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Duluth City Council to consider ranked-choice voting

City Council President Linda Krug has proposed a resolution that could put Duluth on track to become the third city in Minnesota to adopt a ranked-choice voting system, following in the footsteps of Minneapolis and St. Paul.

But Krug can expect more than a little pushback if Thursday’s council agenda session is any indication of what’s to come tonight when her resolution is slated for consideration.

Several councilors expressed concerns about the ambitious timeline Krug has laid out.

If her resolution passes, it would direct the city’s Charter Commission to decide by July 9 whether to recommend that Duluth switch to ranked-choice. That recommendation then would go to the Duluth City Council. Krug said she hopes the council will in turn consider putting the matter to a referendum. She’s shooting for a first reading on July 14, with a second reading and a vote expected on July 21.

Krug explained that the council must not dally if it hopes to meet state deadlines required to place a referendum on the November ballot. If a simple majority of referendum voters supported a switch to ranked-choice voting, the new system then could be implemented.

However, 2nd District Councilor Joel Sipress observed that there are pros and cons to any voting system, and he called for careful consideration before possibly switching to ranked-choice elections.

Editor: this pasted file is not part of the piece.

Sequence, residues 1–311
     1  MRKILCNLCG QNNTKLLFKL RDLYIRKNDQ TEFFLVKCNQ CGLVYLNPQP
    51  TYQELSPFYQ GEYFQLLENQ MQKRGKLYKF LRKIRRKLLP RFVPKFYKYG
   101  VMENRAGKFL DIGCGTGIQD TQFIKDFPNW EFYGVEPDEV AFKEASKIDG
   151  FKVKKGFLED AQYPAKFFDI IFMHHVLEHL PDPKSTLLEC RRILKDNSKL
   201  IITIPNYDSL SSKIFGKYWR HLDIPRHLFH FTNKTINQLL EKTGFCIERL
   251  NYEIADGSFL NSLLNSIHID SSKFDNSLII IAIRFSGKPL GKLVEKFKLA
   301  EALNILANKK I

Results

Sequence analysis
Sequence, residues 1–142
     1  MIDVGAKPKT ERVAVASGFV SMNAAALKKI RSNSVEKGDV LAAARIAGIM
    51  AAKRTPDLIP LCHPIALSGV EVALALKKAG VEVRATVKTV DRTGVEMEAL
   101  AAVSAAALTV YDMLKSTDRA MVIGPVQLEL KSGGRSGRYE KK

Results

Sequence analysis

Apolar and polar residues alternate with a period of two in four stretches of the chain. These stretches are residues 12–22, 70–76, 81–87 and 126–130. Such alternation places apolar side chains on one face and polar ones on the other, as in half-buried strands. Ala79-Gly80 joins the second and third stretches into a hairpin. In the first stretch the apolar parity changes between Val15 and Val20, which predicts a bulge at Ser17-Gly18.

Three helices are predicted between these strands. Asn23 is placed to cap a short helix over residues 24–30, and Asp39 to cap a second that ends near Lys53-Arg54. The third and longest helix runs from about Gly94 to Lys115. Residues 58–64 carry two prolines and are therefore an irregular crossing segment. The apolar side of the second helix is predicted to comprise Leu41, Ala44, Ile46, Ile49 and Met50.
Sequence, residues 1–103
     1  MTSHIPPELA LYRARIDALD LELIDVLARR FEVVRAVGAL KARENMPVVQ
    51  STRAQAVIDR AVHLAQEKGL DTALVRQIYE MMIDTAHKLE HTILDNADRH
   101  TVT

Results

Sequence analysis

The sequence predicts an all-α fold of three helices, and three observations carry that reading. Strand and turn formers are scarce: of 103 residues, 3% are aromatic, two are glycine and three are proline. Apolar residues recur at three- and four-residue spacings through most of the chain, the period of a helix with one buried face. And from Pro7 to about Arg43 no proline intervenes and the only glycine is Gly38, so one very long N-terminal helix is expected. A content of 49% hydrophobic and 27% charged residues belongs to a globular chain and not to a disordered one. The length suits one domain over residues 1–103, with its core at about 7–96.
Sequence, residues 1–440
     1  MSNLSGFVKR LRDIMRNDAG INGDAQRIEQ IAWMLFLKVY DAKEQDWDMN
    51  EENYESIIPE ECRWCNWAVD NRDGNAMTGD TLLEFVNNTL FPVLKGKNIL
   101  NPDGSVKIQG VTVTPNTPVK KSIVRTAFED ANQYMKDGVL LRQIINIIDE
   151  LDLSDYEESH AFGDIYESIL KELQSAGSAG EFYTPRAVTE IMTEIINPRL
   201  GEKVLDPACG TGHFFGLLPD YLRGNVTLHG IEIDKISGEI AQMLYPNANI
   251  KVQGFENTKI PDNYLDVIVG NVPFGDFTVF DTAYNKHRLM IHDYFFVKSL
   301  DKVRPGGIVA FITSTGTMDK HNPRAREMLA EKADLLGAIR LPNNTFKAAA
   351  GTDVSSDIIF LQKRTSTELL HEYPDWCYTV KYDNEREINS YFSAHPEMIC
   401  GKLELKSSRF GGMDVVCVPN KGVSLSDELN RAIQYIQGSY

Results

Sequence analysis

“I’m very leery of putting the Charter Commission on such a tight timeframe,” he said.

“These questions are far more complex than they may appear to be on the surface,” Sipress cautioned

With a ranked-choice system, voters are asked to pick their first-, second- and third-choice candidates to serve in public office. The first-choice votes are then tallied first, with the lowest-placing candidates eliminated one by one.

When candidates are knocked out of the race, their supporters’ second- and potentially even third-choice votes come into play as they are allocated to remaining candidates. A winner is declared as soon as any candidate amasses more than 50 percent of the vote.

Krug said voters in the Twin Cities have given ranked-choice voting high marks and called recent elections there “great success stories.”

She said ranked-choice voting discourages negative campaign tactics and saves money by eliminating the need for primary elections.

At Large Councilor Emily Larson noted that Duluth’s voting machines already are compatible to handle ranked-choice voting, so converting to the new system would involve negligible expense.

At Large Councilor Zack Filipovich asked how much the city could expect to spend educating voters on ranked-choice voting if it is adopted.

Dakotah Johnson of FairVote Minnesota, an organization that promotes ranked-choice voting, said an extensive and successful voter education campaign in Minneapolis cost less than $1 per voter to execute.

But 1st District Councilor Jennifer Julsrud remained unconvinced the expense could be justified and suggested Duluth would be wise to take its time and evaluate the system’s performance.

“Why not let wealthier cities vet this, not just for one year but for multiple years?” she asked.

Julsrud urged the council to proceed cautiously, and said: “I feel we are pushing this too fast.”

Krug disagreed with the suggestion that the process was being rushed.

“We’ve been talking about this since I got on the council more than two years ago,” she said, recalling a 2012 task force report that recommended the idea of switching to a ranked-choice system be put to a referendum vote as is now being proposed.